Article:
by Mike Telin
When Gilbert & Sullivan’s Pirates of Penzance premiered in New York on December 31, 1879, the two-act comic opera was immediately popular with audiences and critics alike. Today Pirates remains one of Gilbert & Sullivan’s most-performed operas. This weekend, Opera Per Tutti will present three performances of the amusing pirate story at the Chagrin Valley Little Theatre on Friday and Saturday, September 12 and 13 at 8:00 pm and Sunday, September 14 at 2:00 pm. Steven Eva will conduct the Chagrin Studio Orchestra in this fully-staged production.
Given the popularity of Pirates of Penzance, how does a stage director add his or her own artistic stamp to the work? “That’s a good question,” Opera Per Tutti artistic director Scott Skiba said during a recent telephone call. “I don’t know if I have a stamp to put on it. I just want audiences to become immersed in the work and not be aware of the director. There is a lot of slapstick and there are a lot of funny gags, but they are all driven by the characters and their relationships with one another. I think Pirates is absolutely brilliant. Audiences don’t have to get the political humor from Gilbert & Sullivan’s time in order to understand the opera.”
Skiba also believes it is the somewhat ridiculous plot that makes the opera so endearing. W.S. Gilbert’s libretto tells the story of the 21-year old Frederic (played by Benjamin Bunsold), who has been indentured to an unlikely band of pirates since his infancy. Frederic meets Mabel (Maribeth Crawford), the daughter of Major-General Stanley (Zachary Risk), and the two young people fall in love. Of course the plot gets complicated when it is discovered that Frederic was born on the last day of February in a leap year. Since he is technically only five, his indentureship to the pirates must continue for another 63 years until he is officially 21. Fortunately for Frederic, Mabel agrees to wait for his release.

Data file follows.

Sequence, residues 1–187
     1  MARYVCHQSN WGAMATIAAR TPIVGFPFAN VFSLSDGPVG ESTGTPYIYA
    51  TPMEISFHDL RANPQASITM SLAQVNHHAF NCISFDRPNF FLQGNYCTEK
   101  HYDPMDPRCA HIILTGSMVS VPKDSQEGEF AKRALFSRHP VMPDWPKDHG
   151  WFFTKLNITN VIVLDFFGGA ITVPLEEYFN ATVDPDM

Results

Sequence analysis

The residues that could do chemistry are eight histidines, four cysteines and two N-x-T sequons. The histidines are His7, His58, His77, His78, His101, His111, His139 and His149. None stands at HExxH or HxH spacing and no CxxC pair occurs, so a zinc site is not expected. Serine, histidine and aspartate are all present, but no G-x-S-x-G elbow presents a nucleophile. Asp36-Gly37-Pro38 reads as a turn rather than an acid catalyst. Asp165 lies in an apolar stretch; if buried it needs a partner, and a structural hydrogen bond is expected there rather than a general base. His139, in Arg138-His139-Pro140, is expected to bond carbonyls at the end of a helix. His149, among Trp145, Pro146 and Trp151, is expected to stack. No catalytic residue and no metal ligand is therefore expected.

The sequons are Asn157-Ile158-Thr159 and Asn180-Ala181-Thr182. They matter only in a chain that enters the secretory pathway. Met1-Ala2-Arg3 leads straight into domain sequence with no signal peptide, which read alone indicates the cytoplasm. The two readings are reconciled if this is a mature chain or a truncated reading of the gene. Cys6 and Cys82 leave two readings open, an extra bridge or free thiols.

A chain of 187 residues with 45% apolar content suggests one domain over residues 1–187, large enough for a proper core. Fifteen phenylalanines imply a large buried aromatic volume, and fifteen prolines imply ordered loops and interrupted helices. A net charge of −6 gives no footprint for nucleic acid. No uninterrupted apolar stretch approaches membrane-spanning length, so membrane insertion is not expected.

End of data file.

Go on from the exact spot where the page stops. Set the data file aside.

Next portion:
Pirates also features one if not the most recognizable of patter songs, “I am the very model of a Modern Major-General.” “Whether you know it or not, you do know this song,” Skiba said. With its fast tempos and quick rhythmic patterns, Skiba points out that it takes a special kind of singer to produce a great performance of the song. “It is impressive to have somebody stand in one place and deliver rapid-fire text with beautiful crisp consonants and round vowels, but when there is the element of character that is driving it all, that takes the performance to the next level. One moment you’re flirting with the audience and then you’re letting them in on a little secret in another. And Zachary Rusk is doing a great job. He’s a big guy with great energy and command, with a face that lights up with joy.”
Another aspect of Pirates that makes seeing a production so enjoyable is the important role of the chorus. “This is an ensemble piece that is full of real characters, and the intimacy of the Chagrin Valley Little Theatre will make people feel like they are part of the action. I’m making the most of every inch of available space. So the performances are going to be pretty exciting.”
Published on ClevelandClassical.com September 9, 2014.
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